But in the most ultimate and truest sense, the thing that makes our souls "weary and burdened" is the all-encompassing demands laid on us by God's Law.  Now at first we might think that we can handle God's commands.  "Don't murder.  Don't steal.  Don't commit adultery.  Honor your parents.  Remember the Sabbath Day."  Those aren't always easy, but with a little effort we can usually pull that weight.  But then we learn that there's more to it than that.  "Don't murder" also means that we should help our neighbor in all his physical needs, even to the point of loving our enemies.  "Don't commit adultery" also means that we should constantly honor and love our spouse.  "Don't steal" also means that we should help others to improve and protect their possessions.  That’s a lot heavier load.  And then we discover that we can also break God's commandments in our hearts.  Lust is adultery.  Anger is murder.  Greed is stealing.  Now, it takes all of our might just to drag that burden an inch.  And that's not even the end of it.  We're stopped dead in our tracks, drained of all our strength when God says in His Word, "Unless your righteousness surpasses that of the Pharisees and the teachers of the Law, you will certainly not enter the kingdom of heaven."  And, "You, therefore, must be perfect, just as your heavenly Father is perfect."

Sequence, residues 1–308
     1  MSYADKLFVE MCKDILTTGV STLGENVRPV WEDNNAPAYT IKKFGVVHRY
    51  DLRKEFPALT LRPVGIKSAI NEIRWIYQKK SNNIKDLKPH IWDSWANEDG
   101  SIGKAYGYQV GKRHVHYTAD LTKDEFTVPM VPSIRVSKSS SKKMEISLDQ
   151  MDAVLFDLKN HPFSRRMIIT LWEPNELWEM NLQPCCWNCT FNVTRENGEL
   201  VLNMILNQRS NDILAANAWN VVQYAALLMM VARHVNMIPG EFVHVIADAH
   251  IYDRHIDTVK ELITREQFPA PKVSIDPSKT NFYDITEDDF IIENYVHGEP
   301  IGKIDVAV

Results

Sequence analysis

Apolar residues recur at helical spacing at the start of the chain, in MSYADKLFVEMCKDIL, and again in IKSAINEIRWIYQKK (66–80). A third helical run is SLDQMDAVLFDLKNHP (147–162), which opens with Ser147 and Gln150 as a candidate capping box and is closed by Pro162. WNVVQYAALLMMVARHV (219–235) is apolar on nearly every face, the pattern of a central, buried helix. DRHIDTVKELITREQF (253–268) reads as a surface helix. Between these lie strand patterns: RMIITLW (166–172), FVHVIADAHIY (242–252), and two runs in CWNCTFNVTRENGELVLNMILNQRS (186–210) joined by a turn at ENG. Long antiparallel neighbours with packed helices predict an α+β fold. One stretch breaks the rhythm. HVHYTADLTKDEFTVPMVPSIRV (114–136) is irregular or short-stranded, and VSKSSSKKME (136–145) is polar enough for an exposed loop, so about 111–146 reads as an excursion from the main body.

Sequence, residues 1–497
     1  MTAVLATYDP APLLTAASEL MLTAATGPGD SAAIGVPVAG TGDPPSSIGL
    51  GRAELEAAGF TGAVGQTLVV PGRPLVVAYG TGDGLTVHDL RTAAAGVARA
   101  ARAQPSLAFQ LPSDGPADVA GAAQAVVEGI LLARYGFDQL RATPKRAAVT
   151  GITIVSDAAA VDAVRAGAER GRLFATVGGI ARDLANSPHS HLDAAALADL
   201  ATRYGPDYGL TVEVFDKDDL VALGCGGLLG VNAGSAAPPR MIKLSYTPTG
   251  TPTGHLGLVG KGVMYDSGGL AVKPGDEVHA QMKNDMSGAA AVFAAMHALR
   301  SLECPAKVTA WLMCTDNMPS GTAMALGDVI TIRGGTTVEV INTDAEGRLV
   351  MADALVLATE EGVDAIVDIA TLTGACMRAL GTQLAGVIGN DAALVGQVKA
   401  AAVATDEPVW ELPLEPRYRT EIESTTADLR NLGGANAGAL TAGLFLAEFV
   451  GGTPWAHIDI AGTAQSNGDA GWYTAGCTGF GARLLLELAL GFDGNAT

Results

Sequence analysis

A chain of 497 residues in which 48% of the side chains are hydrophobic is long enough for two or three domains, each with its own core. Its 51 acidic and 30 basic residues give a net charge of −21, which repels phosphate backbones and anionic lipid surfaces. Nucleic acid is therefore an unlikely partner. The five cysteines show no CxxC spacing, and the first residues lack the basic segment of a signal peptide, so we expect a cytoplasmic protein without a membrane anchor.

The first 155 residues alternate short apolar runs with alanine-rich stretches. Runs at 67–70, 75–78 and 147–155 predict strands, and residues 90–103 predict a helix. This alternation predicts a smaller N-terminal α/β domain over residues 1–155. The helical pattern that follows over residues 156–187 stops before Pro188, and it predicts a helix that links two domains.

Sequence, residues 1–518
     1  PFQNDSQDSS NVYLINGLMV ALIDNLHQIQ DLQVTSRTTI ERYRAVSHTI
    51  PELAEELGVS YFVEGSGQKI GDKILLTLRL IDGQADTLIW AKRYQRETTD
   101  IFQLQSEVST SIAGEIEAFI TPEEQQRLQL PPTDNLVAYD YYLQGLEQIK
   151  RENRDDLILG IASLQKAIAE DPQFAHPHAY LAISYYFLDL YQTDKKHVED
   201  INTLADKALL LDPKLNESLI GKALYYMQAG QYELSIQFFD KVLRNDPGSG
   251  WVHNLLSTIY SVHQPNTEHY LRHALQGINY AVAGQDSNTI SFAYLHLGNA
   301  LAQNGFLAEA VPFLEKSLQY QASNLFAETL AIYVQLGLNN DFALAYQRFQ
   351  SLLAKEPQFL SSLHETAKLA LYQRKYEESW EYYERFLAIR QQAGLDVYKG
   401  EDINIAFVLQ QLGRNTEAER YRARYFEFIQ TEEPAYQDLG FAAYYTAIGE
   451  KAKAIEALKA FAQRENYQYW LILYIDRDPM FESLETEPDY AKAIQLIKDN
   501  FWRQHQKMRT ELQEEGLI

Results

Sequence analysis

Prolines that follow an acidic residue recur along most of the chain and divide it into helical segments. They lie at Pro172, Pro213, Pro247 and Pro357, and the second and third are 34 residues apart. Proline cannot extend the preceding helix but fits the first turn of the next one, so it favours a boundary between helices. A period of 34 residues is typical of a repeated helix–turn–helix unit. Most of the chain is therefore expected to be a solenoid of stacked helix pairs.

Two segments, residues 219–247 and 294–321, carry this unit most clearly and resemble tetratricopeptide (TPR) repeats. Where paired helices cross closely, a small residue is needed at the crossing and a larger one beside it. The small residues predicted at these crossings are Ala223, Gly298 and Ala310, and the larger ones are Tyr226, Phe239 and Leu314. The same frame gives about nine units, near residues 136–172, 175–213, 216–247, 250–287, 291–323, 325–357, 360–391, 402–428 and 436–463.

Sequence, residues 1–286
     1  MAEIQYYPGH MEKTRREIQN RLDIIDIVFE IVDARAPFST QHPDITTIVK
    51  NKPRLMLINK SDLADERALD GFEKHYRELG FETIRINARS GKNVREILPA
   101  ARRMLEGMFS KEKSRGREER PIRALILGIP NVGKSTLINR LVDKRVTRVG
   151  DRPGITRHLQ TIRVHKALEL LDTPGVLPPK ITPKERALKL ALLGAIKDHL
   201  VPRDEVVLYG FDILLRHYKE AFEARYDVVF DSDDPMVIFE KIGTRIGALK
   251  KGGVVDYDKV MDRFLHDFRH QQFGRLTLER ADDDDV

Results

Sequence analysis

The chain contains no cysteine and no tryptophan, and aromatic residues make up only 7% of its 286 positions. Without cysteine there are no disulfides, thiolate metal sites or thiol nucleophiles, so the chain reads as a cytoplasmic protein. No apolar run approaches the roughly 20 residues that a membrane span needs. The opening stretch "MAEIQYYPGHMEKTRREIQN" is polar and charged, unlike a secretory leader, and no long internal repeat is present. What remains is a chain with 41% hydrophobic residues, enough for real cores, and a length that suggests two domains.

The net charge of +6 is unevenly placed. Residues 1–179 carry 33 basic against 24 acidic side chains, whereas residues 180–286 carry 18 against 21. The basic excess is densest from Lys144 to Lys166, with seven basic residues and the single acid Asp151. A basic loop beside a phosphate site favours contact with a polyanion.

God's Law is like a gigantic boulder to which we are chained.  And He says, "Pull it!  If you want to get to heaven on your own steam, you must drag it all the way there."  And not one of us can.  Our fallenness burdens our conscience and makes life an exhausting spiritual struggle.